Republicans flail about looking for alternative to climate denialism
As I have said before, the GOP position on climate is unstable, both intellectually and politically. You can’t credibly deny the science at this point, but if you accept it, “do nothing about it” is an incoherent response. They’ve only gotten away with it for this long because the media and the public don’t care enough to press them on it.
Climate hawks are always predicting that now, finally, is the time when that position will start to crumble. I’ve predicted it myself, and been wrong, or at least premature.
Nonetheless, it really does feel like something is starting to happen. The GOP’s incoherent climate shuck-and-jive is under pressure and the cracks are starting to show.
The conservative base is convinced that climate change is a U.N. plot for world government. Meanwhile, mainstream elites in the U.S. and virtually every other country in the world, along with every major scientific institution on the planet, say climate change is a real problem. This puts some Republicans in a bit of a pickle.
There are many Republicans in the House of Representatives, and some in the Senate, who have no reason to care about anything but what the base wants. They are elected with sufficiently large and safe majorities that their only real worry is attack from their right. And of course there are lots of conservative commentators, pundits, and gasbags who make a living appealing to the base and have no incentive whatsoever to challenge it.
There are some in the conservative fold, however, who need either the votes or the support of people outside the right-wing bubble. And to people outside the bubble, “climate change is a hoax” has started to look like a crazy conspiracy theory.
However, no conservative is allowed to endorse taxes or pollution regulations of any kind, ever. Opposition to “big government” is far more fundamental to the coalition than anything to do with climate change, one way or the other.
So Republicans reaching outside the bubble need a way of appearing not to deny the science, but not quite accepting it either, while absolutely denying anything should be done about it. It’s not pretty to watch.
Let’s look at a few fun examples.
“Denier” starting to sting
In the House Energy and Commerce Committee, a notorious nest of dimwits and deniers, Republicans are trying to attack EPA rules while dodging the “science denier” tag. They’re mainly doing this by whining:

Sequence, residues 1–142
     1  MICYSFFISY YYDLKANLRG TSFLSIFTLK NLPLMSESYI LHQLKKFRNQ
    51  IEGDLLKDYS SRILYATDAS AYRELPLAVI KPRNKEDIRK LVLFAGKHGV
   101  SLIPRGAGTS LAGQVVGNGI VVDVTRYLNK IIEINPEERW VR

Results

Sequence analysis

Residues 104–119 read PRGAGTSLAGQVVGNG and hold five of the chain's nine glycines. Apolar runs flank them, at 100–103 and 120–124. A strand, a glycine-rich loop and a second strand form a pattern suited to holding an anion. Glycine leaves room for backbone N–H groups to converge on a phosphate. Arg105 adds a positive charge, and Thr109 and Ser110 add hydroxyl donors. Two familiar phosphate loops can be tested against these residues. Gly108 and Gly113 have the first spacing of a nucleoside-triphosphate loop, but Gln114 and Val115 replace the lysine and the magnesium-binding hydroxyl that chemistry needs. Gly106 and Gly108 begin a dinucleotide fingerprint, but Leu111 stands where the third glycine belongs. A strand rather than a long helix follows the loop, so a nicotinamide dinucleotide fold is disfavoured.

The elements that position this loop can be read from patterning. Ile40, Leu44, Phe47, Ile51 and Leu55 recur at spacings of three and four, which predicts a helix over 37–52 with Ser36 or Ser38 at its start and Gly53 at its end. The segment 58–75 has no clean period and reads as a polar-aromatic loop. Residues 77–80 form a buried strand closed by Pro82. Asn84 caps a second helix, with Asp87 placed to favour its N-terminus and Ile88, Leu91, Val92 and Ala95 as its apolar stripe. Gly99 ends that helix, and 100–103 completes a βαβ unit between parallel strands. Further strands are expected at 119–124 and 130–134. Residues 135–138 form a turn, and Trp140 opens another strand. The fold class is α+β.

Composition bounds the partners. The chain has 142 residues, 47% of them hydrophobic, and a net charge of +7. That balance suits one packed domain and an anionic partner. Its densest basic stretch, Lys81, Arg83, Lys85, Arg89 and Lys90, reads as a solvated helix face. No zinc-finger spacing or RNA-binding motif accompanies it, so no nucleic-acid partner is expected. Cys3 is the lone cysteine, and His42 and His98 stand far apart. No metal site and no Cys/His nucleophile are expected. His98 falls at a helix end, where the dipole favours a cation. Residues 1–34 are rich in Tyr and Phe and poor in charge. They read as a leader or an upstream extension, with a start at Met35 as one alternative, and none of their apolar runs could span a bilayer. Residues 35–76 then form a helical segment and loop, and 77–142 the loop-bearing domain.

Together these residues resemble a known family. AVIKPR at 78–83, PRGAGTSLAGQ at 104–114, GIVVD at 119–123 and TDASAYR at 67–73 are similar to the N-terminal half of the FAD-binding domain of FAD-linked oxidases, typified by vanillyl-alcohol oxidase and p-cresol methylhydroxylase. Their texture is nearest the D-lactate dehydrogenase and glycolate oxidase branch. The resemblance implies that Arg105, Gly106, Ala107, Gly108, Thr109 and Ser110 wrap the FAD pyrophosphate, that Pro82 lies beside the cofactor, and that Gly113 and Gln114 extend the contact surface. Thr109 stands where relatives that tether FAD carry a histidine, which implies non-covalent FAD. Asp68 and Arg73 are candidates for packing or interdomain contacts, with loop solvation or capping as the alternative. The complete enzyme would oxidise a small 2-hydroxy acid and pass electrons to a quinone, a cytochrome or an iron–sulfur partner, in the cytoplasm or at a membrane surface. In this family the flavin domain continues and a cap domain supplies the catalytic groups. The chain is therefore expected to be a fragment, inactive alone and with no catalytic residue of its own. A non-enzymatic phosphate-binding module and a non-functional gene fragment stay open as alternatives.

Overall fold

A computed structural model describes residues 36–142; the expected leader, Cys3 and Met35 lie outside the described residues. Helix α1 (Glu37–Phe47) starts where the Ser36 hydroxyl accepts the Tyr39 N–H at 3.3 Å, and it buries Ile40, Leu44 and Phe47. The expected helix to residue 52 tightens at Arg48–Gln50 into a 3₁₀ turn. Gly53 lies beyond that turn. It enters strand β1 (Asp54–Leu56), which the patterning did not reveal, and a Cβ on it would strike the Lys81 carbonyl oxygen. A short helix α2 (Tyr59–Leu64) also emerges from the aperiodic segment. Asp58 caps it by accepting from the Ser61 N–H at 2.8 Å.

“It’s not about denying climate change,” Energy and Power Subcommittee Chairman Ed Whitfield (R-Ky.) said. “It is about the priorities at this particular time in our history.”…
A longtime skeptic, Rep. Joe Barton (R-Texas), said at the same hearing, “It’s debatable what causes [global warming], but it is a fact that it’s happening.” He then focused on the cost of making climate action the “dominant factor” in policy.
And Rep. Lee Terry (R-Neb.) added in response to a question about climate science, “I do think it is appropriate to question the practicality of the [EPA rule for curbing power plant emissions], without being accused of being a denier.”
It’s an “insulting term,” Terry said, noting that he drives a hybrid and recycles. (That bit made me laugh out loud.) When these whingey concerns about civility were brought to Waxman, he basically shrugged. “It’s effective,” he said of the denier label, because, y’know, it’s true.
Statewide candidates doing the dance
Unlike their counterparts in the House, who often run in deeply red districts, Senate (and gubernatorial) candidates have to appeal to their whole state, or at least more of it than the revanchist white conservative base. Their efforts to dodge the extremist/denier label are … gosh, almost cute in their fecklessness.
Cory Gardner is a Republican U.S. rep running for Senate in Colorado against long-time climate hawk Mark Udall. In 2010, Gardner said, “I think the climate is changing, but I don’t believe humans are causing that change to the extent that’s been in the news.” And he voted against a resolution affirming climate science. In a debate on Monday with Udall, though, he began an answer, “There is no doubt that pollution contributes to the climate changing around us.” (Guess that got cleared up in the last four years?) But of course, “what I refuse to do is support a climate tax bill like Waxman/Markey.” So: Yes, pollution is bad, but no, I won’t vote for measures that address it. Check!
In another debate the very next day, Gardner was at it again, “dodg[ing] climate change questions …, dancing around a debate query for so long he earned boos from the crowd and repeated reprimands from the moderator.” Heh.
Former Massachusetts Sen. Scott Brown (R) is running for Senate in New Hampshire. In a GOP primary debate in August, asked whether he believed in human-made climate change, he said, “Uh, no.” Now that he’s in the general, he says that climate change is “a combination of manmade and natural. That’s what I’ve said, and I continue to believe that.” Uh …
In a debate in Virginia this July, Mark Warner (D) pressed and pressed his opponent in the Senate race, Ed Gillespie (R), who finally acknowledged, “I believe there is ample scientific evidence that contributes to climate change but I’m not entirely dismissive of those who have a different point of view.” Bold! Gillespie also, of course, opposes doing anything about the problem — perhaps that’s his way of respecting the other point of view.
In Kentucky, notoriously terrible campaigner and awful person Mitch McConnell (R) is under pressure from his opponent Alison Lundergan Grimes (D). In 2012, McConnell mocked climate change concerns, delivering the old chestnut, “as recently as 30 to 35 years ago, we were worried about the globe getting too cold.” Ha ha, silly scientists! On a sports radio show this week, however, he was asked point blank, yes-or-no, whether he acknowledges a climate problem. He grew irritated.